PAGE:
Artificial Intelligence to Improve Project Communications

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How can we demonstrate and use AI in our domain of project management to improve the quality of our communications outputs?
20 October 2021 - ERNACT  project
Dr Margaret Quinn | ERNACT Programme Manager

Artificial Intelligence, AI, is a high-profile subject so well-known though perhaps not so well understood. As a disruptive technology it has the potential to transform speed, safety, precision, effectiveness, greenness of our efforts. It is already having an incredible impact in many areas ranging from Medicine/Healthcare, Industry/Manufacturing, Finance, Environment, Transport ..across the whole of society. Yet its uptake appears to be slow especially for small and medium sized organisations as noted by the Advanced Technology for Industry report 2020. So, what is the issue? 

There are multiple factors and perception plays a role. The idea that AI is very difficult, it is only suited to big companies, that it is very expensive, that you need a lot of data to do anything with it. This may not be helped by the images you see in articles connected to AI which tend to be futuristic, holographic brains and sci-fi robots. Major barriers include having an understanding of how to use it, availability of skills to implement, high costs, trust issues and governance, data availability.

In ERNACT we typically lead projects which aim to increase the uptake of disruptive technology in our region. So rather then just preaching, we thought we should try and practise using disruptive technologies ourselves. The challenge was set: how can we demonstrate and use AI in our domain of project management to improve the quality of our communications outputs – in time for a demo at our EU Regions Week workshop.

We may not be aware but most of us are already using AI in our daily lives, via spam email filters, recommender systems in online systems. Also in daily communications for projects, there are a range of AI based tools such as grammar/spell checkers, predictive text, plagiarism checkers to name but a few. We can use AI to help us produce well written text but the text may not be very relevant to a project’s communications objectives. This is where we decided to focus: to try to demonstrate the AI can be useful to assess the relevance of project communication outputs. The challenge though was that this needed to be accomplished and demonstrated in a short time frame of a few weeks, in time for Eu Regions Week, without AI experts or programmers and without internal big data. 

Having abandoned a few unsuccessful routes, we simplified the goal to checking that a set of key project topics are contained in project communications outputs such as project news items. We opted to use the Microsoft Power Apps platform which provides an AI builder and pre-built modules. This allowed us to make a topic model for a project without any coding, just configuration, following the easy step by step guide. There is no need to have in-depth understanding of the AI or Machine Learning supporting the module. The approach was hackathon style, iterative and collaborative. We trained an AI model on a set of project topics with the DIGITAL REGIONS Interreg Europe project as a test case (“SME”, ”Industry 4.0”, “Manufacturing”, ”Regional”...). We then created an app to be used for demonstration purposes, again using the Power Apps platform and lo-coding only, to run the AI model on a set of news items. The output is a confidence score that each news item is about the target topics. So happy days! A demo was produced in a few weeks. On the short journey we learnt about using the topic model by using enough training data, being consistent and balanced in labelling of training data and starting simple (fewer topics).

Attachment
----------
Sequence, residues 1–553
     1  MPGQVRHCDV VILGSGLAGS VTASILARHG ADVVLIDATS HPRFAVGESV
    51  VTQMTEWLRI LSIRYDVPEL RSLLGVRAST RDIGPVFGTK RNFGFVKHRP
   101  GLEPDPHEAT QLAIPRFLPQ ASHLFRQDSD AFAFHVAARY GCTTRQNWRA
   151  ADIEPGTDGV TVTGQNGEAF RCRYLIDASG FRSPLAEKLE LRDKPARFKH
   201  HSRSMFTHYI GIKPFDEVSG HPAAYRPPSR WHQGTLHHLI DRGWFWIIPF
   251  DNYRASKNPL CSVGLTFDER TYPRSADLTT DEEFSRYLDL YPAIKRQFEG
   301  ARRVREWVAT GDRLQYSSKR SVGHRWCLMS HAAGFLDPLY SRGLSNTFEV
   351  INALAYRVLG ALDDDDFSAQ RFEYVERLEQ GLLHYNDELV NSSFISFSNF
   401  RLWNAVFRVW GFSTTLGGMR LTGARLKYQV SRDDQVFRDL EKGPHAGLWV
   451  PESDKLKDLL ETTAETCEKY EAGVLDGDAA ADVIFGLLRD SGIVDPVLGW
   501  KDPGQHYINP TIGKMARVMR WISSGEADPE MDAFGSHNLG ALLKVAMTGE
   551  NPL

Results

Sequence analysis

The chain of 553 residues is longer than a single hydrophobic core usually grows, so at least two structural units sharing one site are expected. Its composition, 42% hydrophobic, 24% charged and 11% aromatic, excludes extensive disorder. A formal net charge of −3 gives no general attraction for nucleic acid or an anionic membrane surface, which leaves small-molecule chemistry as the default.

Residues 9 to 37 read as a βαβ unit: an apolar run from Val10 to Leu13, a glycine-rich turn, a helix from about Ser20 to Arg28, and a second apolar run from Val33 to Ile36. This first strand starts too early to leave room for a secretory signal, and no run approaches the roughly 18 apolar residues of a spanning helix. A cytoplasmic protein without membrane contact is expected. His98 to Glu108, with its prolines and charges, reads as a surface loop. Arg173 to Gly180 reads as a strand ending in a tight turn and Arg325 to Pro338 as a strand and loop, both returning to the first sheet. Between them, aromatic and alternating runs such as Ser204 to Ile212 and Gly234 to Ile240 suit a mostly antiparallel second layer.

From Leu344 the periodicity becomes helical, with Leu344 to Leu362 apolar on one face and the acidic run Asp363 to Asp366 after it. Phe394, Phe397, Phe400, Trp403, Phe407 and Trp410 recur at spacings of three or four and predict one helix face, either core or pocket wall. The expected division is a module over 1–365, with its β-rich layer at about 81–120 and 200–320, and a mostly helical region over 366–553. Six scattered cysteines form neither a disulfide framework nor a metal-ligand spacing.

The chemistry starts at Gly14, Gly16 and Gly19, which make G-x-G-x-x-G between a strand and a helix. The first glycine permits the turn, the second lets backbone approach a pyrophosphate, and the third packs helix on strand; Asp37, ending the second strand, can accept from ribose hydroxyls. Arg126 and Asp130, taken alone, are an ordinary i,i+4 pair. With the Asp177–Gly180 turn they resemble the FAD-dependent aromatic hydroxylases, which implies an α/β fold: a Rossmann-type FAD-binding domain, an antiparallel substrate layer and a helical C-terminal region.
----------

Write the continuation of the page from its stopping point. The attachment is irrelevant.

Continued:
The conclusion for me was that there are pre-built AI modules that are easy to use without coding and that these can be used in the project management domain of improving project communications. We foresee using this in daily activities using the topic checker each time we produce a communication output such as a news item for a project. We will need to add new topics that arise with new projects and to re-train the project topic model. To this end we plan to train our programme /project managers and communications team.

The next steps in ERNACT are more experimenting to increase the performance of our project AI model and testing on more projects, then training our team and embedding the AI checker tool in our project management platform, Teamworker, which we use to produce project news items.

My recommendation is to have a go, experiment! For re-assurance, we all have local centres of expertise who can provide great guidance on AI. In my case I thank Agustin Garcia Periera of Insight, NUIG Galway, as encourager and reviewer. To gain more understanding of what AI is about try taking an introductory course such as 'Elements of AI'.

Click here to email  Ianire Renobales at ERNACT for further information

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United Kingdom